In a "merger of equals", Vodafone Hutchinson Australia will have the slimmest of majority stakes with 50.1 percent, while TPG's stake will be 49.9 per cent.
The combined entity will re-list on the Australian stock exchange as TPG Telecom Limited but before it can do so will have to seek approval from US regulators and the Foreign Investment Review Board because TPG owns submarine cables in US territory.
TPG's chief executive David Teoh, will be the non-executive chairman of the merged group, while Vodafone boss, Inaki Berroeta, will assume the position of CEO and managing director of the new entity. The board of the merged entity would include directors from both companies.
Iñaki Berroeta (VHA) and David Teoh (TPG) Photo Credit: The Australian
What will the merger mean for Australian telecommunications industry?
The new merged entity will be one of the biggest telecommunications companies in Australia, ahead of Optus in fixed line customers, with TPG owning other large ISPs including iiNet, Internode, AAPT, TransACT and Pipe.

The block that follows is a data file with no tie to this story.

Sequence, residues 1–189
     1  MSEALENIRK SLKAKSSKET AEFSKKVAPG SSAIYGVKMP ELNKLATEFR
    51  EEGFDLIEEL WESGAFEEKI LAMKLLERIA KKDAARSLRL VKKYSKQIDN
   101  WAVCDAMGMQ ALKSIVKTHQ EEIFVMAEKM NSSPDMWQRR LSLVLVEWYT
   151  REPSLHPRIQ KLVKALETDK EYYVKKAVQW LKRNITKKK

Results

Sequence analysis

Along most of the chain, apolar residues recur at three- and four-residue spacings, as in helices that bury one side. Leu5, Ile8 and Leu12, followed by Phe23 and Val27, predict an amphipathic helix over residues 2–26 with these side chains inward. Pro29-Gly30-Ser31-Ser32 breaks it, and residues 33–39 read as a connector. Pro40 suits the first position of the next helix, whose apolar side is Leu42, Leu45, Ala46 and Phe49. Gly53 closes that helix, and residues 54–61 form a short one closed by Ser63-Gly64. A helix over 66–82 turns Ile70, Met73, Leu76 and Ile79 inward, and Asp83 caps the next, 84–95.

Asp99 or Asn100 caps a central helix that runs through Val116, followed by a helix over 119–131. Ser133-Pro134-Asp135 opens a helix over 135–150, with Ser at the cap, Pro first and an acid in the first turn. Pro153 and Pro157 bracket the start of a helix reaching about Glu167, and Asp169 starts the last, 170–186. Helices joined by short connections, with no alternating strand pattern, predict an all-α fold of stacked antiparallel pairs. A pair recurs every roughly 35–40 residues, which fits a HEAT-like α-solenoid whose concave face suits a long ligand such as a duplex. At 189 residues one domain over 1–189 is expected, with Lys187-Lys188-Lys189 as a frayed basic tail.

It will shift Vodafone from being a distant third to Telstra and Optus, to being a more credible player in the Australian telco market.
Vodafone has always struggled to gain ascendancy, has suffered embarrassing outages and never recovered from its loss of customer numbers. Vodafone also has limited ability to increase its network capacity and has been under growing pressure to implement demand management strategies including increasing prices, ceasing to offer unlimited plans; and throttling data speeds.
Independent telecoms consultant, Paul Budde believes the merger is a lifesaver for Vodafone.
“The merged entity will be much better positioned to compete as a credible third player in the Australian telco market than TPG and Vodafone individually”.
“The reality is, Vodafone has never been able to really perform well in the market. It’s always been a distant third. And TPG went through some serious problems a few years ago,”
“They’ve also been hit by low margins and had profits going down … and I think it started to dawn on them 18 months ago that their business model was, I wouldn’t say unsustainable, but it was shaky.”